SYDNEY, Dec 12 (Reuters) - Shanghai base metals futures were mostly higher on Tuesday amid signs that supply cuts linked to an environmental crackdown by Beijing will lead to greater import demand. China issued an "action plan" in 2013 to reduce pollution caused by industrial plants, followed by provincial contracts and further policies. This included the so-called 2+26 Plan,
which forces aluminium, steel and other industries across 28 cities to curtail production during the winter heating season  from mid-November to March. Hebei, China's biggest steel-producing region, was ordered to cut concentrations of hazardous airborne particles known as PM2.5 by 25 percent by the end of this year, as well as cut steel capacity by 60 million tonnes and coal consumption by 40 million tonnes. UBS in a strategy paper on the sector said it sees China's  focus on reducing air, land and
water pollution to be a major  driver for commodities. "In our opinion, the next four weeks are particularly important as December is typically the most polluted month of the year," UBS said. FUNDAMENTALS * The most-traded copper contract on the Shanghai Futures Exchange          rose 1.2 percent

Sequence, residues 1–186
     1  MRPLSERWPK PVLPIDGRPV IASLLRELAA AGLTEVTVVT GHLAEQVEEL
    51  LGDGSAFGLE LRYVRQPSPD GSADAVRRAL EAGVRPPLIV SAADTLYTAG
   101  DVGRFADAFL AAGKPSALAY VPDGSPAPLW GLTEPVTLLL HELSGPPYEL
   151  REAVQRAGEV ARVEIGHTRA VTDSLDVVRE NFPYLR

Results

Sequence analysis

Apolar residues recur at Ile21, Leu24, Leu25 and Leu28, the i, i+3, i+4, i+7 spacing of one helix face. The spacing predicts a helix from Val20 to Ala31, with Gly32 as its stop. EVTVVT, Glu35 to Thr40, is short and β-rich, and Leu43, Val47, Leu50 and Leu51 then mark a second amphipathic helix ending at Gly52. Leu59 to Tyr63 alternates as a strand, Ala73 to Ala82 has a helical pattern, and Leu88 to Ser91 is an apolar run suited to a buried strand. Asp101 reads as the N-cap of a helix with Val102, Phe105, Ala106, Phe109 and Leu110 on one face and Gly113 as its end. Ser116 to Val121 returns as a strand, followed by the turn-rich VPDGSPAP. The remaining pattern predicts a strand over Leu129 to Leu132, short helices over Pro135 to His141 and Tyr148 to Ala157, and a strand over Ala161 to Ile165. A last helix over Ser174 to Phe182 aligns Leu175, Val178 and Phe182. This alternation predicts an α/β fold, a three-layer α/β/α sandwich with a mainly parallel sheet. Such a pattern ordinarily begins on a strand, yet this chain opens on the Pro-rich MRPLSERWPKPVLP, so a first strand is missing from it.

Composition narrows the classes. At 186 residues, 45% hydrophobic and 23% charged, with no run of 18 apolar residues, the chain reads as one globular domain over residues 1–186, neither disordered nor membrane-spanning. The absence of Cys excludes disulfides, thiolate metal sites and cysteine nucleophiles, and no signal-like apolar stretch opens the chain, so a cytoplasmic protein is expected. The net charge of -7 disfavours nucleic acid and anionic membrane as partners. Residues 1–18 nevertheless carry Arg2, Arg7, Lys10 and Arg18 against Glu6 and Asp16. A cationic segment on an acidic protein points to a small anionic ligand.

to 52,200 yuan ($7,888.18) a tonne. * Three-month copper on the London Metal Exchange was down 0.4 at $6,641 a tonne, as of 0158 GMT, after gaining 1.5 percent in the previous session. * LEAD RISES: ShFE lead jumped as much as 2.7 percent to its highest since Oct 18,
while zinc climbed 1.3 percent to a one-week peak of 2,5220 yuan. * TIN SOLE LOSER: Bucking the trend, ShFE tin retreated 1.1 percent in light volumes. * ZINC STOCKS: Headline zinc stocks in LME-approved warehouses MZNSTX-TOTAL fell by 1,700 tonnes to 199,425 tonnes, their lowest since November 2008. However, cancelled warrants - metal earmarked for delivery - stood at 18 percent of total stocks, down from 50 percent three months ago. * CANADIAN BOOST: Canadian developers of cobalt and lithium mines stand to benefit from a round of investments from the makers of electric vehicles and the batteries powering them, a
potential game-changer for small miners short on money to develop deposits of these critical battery ingredients. * DOLLAR UP: The dollar held steady near a recent two-week high versus a basket of major
currencies on Tuesday, with traders awaiting the U.S. Federal Reserve's policy meeting this week
for fresh catalysts.
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